How a Co-Founder of NWA Created A Platform to Get Small Businesses Back to Work

Rachel Uranga

Rachel Uranga is dot.LA's Managing Editor, News. She is a former Mexico-based market correspondent at Reuters and has worked for several Southern California news outlets, including the Los Angeles Business Journal and the Los Angeles Daily News. She has covered everything from IPOs to immigration. Uranga is a graduate of the Columbia School of Journalism and California State University Northridge. A Los Angeles native, she lives with her husband, son and their felines.

How a Co-Founder of NWA Created A Platform to Get Small Businesses Back to Work

Kim Renard Nazel is best known as Arabian Prince, a founding member of the '80s rap group N.W.A. whose raw lyrics on police brutality inspired a generation of West Coast rappers. But the producer and artist, who goes by his stage name, has long been a tech geek passionate about closing the digital divide.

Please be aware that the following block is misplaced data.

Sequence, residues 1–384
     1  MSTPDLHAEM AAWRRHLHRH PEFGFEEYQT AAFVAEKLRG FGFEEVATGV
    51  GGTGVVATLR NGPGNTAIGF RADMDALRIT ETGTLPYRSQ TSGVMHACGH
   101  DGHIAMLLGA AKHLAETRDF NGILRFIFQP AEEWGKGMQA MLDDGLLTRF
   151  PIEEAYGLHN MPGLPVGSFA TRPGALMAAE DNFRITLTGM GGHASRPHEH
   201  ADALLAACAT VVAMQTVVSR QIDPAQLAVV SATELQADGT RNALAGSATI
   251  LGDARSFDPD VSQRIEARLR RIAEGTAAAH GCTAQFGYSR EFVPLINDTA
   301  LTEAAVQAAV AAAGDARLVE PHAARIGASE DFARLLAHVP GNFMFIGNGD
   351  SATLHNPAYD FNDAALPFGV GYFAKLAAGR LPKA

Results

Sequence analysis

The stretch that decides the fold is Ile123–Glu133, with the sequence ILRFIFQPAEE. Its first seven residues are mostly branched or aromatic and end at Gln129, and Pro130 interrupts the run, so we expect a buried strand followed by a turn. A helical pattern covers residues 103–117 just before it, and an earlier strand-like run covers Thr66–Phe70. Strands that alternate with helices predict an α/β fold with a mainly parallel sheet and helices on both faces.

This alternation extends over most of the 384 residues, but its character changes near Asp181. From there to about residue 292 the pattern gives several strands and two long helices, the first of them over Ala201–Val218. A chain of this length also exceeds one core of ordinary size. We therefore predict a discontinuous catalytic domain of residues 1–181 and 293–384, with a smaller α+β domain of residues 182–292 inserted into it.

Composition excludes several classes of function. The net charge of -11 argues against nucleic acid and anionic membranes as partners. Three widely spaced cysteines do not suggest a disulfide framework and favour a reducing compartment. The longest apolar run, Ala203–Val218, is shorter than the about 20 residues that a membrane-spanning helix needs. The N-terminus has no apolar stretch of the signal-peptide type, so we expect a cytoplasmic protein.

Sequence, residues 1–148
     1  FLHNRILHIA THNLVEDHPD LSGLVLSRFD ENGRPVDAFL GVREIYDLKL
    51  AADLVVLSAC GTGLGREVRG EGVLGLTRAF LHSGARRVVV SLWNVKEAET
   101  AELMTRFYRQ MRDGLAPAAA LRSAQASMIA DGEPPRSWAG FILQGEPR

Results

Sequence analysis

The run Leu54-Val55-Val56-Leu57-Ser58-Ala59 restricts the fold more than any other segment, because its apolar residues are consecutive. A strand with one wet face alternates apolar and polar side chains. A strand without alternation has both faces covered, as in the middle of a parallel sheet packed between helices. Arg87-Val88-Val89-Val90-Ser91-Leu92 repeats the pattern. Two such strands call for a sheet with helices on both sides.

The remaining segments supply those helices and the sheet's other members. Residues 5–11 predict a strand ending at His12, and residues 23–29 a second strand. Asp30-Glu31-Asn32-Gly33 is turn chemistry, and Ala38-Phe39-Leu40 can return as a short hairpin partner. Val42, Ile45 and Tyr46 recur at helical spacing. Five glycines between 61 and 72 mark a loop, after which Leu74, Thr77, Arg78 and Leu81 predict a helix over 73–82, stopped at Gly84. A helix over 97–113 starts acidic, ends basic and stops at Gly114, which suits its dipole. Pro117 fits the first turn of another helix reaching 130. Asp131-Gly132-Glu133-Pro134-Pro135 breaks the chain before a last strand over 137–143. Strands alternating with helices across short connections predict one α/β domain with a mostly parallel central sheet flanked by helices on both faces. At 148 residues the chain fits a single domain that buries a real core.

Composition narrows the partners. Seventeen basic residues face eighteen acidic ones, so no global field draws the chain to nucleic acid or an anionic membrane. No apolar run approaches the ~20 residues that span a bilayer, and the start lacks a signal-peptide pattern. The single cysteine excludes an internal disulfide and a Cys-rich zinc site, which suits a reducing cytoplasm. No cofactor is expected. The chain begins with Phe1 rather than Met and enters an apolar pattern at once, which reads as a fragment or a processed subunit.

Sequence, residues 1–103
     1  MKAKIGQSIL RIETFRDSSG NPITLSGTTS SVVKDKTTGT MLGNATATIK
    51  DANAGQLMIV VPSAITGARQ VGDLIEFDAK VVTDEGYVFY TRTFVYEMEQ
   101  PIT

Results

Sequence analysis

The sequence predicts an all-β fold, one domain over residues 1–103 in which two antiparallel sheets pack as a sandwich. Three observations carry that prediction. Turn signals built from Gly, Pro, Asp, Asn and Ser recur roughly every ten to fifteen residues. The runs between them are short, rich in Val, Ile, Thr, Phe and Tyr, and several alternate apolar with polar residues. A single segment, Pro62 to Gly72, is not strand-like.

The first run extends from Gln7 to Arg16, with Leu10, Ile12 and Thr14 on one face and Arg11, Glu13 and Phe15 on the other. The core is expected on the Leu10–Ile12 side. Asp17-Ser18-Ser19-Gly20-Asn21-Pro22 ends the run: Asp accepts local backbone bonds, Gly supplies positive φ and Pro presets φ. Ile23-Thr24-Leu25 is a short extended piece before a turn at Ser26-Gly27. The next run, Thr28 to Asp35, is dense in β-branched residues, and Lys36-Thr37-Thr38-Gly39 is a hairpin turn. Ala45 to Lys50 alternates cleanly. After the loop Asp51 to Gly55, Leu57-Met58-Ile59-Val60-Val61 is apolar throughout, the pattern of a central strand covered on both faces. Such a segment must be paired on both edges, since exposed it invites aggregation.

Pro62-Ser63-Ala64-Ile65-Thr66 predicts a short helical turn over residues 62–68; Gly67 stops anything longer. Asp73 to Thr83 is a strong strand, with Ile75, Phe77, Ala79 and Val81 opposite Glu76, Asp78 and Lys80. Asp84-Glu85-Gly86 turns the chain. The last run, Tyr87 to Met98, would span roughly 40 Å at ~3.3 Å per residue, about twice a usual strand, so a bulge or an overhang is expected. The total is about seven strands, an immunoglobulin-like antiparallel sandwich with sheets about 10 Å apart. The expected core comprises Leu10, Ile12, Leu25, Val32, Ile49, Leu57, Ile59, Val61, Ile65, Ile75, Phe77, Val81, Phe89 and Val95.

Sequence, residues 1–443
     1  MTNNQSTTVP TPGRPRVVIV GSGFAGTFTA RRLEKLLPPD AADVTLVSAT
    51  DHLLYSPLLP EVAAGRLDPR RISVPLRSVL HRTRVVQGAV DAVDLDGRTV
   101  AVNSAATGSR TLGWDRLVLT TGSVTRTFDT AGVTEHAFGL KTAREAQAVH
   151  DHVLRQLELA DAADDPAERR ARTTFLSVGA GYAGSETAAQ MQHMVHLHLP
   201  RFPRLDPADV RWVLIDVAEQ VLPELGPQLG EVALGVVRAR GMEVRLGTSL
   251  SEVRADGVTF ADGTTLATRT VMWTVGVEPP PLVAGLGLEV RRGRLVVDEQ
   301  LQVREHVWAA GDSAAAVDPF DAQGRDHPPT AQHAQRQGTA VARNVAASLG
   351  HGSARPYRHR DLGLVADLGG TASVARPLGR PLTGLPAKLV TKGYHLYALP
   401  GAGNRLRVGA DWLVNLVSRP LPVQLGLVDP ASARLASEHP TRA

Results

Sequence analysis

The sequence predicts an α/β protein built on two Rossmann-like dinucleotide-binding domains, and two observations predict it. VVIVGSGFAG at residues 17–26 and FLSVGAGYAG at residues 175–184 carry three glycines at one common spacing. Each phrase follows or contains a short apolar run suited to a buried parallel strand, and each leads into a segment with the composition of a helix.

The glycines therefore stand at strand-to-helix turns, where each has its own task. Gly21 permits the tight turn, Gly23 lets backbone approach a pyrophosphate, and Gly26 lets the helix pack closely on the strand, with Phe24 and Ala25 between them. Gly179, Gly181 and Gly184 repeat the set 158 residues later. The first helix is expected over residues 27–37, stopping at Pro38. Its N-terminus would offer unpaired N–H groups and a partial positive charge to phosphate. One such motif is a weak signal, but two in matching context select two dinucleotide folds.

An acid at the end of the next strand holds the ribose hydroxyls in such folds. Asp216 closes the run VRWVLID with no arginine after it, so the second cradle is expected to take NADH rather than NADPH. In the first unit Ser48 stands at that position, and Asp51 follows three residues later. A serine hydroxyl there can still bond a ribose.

This week, the Compton-bred rapper-turned-entrepreneur launched his latest endeavor, Covitech, a platform intended to get people back to work safely. The cloud-based suite of apps provides a protocol plan for small-to-medium businesses, giving them access to COVID-19 screening, testing resources and often hard-to-procure protective equipment.


Prince was inspired to begin the project months ago when he saw that the federal government wasn't getting needed supplies to cities. And the effort has now coalesced just as the issue of police brutality, the pandemic and longstanding inequities exploded into the national consciousness.